The extra info for module 4 is online.

Filtering joins match observations in the same way as mutating joins, but affect the observations, not the variables. There are two types:

`semi_join(x, y)`

**keeps**all observations in`x`

that have a match in`y`

.`anti_join(x, y)`

**drops**all observations in`x`

that have a match in`y`

.

Semi-joins are useful for matching filtered summary tables back to the original rows.

Graphically, a semi-join looks like this:

Only the existence of a match is important; it doesn’t matter which observation is matched. This means that filtering joins never duplicate rows like mutating joins do:

The inverse of a semi-join is an anti-join. An anti-join keeps the rows that *don’t* have a match:

Anti-joins are useful for diagnosing join mismatches.

The final type of two-table verb are the set operations. Generally, I use these the least frequently, but they are occasionally useful when you want to break a single complex filter into simpler pieces. All these operations work with a complete row, comparing the values of every variable. These expect the `x`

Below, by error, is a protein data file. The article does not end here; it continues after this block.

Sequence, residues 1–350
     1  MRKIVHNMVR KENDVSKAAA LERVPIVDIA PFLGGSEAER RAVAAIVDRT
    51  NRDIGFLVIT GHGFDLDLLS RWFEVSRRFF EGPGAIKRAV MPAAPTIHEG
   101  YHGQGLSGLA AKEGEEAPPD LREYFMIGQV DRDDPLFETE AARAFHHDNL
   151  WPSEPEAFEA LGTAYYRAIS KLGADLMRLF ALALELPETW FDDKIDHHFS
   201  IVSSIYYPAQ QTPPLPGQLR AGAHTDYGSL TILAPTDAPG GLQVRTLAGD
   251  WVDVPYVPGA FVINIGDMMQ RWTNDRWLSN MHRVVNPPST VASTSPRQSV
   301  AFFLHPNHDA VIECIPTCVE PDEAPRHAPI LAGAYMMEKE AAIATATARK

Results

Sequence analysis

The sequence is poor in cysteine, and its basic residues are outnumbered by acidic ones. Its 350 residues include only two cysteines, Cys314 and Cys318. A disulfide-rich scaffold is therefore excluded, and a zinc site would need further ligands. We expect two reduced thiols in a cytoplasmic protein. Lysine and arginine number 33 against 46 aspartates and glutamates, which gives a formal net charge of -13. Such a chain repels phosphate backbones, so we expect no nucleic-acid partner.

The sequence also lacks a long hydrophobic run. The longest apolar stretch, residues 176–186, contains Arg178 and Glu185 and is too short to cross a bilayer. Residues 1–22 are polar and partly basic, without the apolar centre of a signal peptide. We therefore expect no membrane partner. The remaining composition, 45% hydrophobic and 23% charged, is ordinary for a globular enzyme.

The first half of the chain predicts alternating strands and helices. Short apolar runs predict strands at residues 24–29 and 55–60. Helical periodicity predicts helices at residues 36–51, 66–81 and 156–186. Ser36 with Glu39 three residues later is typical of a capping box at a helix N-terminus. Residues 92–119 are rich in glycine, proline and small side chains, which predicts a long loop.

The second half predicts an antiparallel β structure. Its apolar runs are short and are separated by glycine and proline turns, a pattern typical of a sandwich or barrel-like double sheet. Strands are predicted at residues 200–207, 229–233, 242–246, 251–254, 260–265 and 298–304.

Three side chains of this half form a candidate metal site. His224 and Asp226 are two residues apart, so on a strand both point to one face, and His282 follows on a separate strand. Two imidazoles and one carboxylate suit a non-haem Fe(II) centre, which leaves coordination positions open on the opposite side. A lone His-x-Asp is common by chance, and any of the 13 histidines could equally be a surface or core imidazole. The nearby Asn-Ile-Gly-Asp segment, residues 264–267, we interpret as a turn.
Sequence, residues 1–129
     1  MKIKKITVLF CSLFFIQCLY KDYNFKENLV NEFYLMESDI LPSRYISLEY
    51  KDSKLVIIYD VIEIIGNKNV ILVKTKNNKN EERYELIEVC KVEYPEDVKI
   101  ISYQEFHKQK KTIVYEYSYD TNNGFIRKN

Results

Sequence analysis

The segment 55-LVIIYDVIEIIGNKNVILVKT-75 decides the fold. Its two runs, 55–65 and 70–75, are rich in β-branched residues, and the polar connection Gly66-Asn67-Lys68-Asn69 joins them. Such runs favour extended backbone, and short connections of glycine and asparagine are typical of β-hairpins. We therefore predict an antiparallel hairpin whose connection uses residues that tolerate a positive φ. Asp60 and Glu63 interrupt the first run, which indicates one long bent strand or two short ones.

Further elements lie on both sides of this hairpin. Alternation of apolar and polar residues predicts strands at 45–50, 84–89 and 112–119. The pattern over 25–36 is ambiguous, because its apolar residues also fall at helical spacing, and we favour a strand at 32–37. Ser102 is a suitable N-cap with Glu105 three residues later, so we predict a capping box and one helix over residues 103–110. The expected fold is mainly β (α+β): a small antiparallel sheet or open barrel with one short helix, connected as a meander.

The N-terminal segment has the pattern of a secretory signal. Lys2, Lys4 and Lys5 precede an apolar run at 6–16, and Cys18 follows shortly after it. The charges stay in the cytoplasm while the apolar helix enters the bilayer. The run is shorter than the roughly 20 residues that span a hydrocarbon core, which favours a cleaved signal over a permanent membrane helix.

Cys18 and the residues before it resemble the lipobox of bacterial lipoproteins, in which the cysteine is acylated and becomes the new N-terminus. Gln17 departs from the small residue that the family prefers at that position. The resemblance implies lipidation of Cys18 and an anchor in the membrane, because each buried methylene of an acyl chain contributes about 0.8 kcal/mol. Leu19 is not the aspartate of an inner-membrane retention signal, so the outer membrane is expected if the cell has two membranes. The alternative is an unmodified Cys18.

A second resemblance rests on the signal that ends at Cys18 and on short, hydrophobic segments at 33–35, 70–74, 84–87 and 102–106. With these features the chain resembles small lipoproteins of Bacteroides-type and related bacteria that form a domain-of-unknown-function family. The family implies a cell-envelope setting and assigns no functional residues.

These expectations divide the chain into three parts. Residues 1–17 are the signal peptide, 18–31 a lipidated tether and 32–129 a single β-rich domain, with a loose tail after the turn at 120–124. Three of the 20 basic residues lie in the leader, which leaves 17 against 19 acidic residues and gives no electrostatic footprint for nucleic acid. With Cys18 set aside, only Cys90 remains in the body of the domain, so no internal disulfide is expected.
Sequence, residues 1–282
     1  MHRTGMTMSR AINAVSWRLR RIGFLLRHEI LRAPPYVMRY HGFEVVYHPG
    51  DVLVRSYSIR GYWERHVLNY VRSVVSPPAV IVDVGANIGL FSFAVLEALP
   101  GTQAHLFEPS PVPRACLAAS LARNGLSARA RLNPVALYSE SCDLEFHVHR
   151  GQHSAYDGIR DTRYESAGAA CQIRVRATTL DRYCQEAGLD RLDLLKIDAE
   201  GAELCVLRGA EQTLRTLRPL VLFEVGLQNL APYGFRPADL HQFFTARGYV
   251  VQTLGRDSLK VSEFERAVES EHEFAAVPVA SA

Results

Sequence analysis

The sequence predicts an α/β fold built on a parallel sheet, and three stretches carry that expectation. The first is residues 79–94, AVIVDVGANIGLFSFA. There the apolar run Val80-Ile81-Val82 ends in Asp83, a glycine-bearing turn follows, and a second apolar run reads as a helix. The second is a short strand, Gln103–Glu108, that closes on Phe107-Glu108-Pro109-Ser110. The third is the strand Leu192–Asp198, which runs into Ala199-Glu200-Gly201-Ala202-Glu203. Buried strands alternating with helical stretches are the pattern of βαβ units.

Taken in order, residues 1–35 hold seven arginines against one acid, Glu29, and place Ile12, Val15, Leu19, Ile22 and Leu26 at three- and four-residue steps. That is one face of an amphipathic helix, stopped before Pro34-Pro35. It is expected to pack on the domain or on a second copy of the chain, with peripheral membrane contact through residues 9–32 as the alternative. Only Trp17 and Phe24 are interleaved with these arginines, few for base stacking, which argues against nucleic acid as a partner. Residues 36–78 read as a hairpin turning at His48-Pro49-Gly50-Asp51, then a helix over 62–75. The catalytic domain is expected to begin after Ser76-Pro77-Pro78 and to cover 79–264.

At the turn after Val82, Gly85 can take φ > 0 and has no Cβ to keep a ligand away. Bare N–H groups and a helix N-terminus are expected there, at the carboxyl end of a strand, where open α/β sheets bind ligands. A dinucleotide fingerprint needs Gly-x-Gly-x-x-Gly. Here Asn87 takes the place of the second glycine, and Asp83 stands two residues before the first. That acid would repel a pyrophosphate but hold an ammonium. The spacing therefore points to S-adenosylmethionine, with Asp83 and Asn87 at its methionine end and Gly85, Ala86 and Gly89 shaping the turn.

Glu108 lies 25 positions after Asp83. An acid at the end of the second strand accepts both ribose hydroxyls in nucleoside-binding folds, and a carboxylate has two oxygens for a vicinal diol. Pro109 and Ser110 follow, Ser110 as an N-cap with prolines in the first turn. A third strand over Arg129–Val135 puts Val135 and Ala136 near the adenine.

and `y`

inputs to have the same variables, and treat the observations like sets:

`intersect(x, y)`

: return only observations in both`x`

and`y`

.`union(x, y)`

: return unique observations in`x`

and`y`

.`setdiff(x, y)`

: return observations in`x`

, but not in`y`

.

Given this simple data:

The four possibilities are:

```
intersect(df1, df2)
```

```
# A tibble: 1 x 2
x y
<dbl> <dbl>
1 1 1
```

```
#> # A tibble: 1 x 2
#> x y
#> <dbl> <dbl>
#> 1 1 1
# Note that we get 3 rows, not 4
union(df1, df2)
```

```
# A tibble: 3 x 2
x y
<dbl> <dbl>
1 1 1
2 2 1
3 1 2
```

```
#> # A tibble: 3 x 2
#> x y
#> <dbl> <dbl>
#> 1 1 1
#> 2 2 1
#> 3 1 2
setdiff(df1, df2)
```

```
# A tibble: 1 x 2
x y
<dbl> <dbl>
1 2 1
```

```
#> # A tibble: 1 x 2
#> x y
#> <dbl> <dbl>
#> 1 2 1
setdiff(df2, df1)
```

```
# A tibble: 1 x 2
x y
<dbl> <dbl>
1 1 2
```

```
#> # A tibble: 1 x 2
#> x y
#> <dbl> <dbl>
#> 1 1 2
```

This is an important property of what’s known as *normal forms* of data. The process of decomposing data frames into less redundant tables without losing information is called *normalization*. More information is available on Wikipedia.

Both `dplyr`

and SQL we mentioned in the introduction of this chapter use such *normal forms*. Given that they share such commonalities, once you learn either of these two tools, you can learn the other very easily.

Another useful function is `rename()`

, which as you may have guessed changes the name of variables.

We can also return the top `n`

values of a variable using the `top_n()`

function.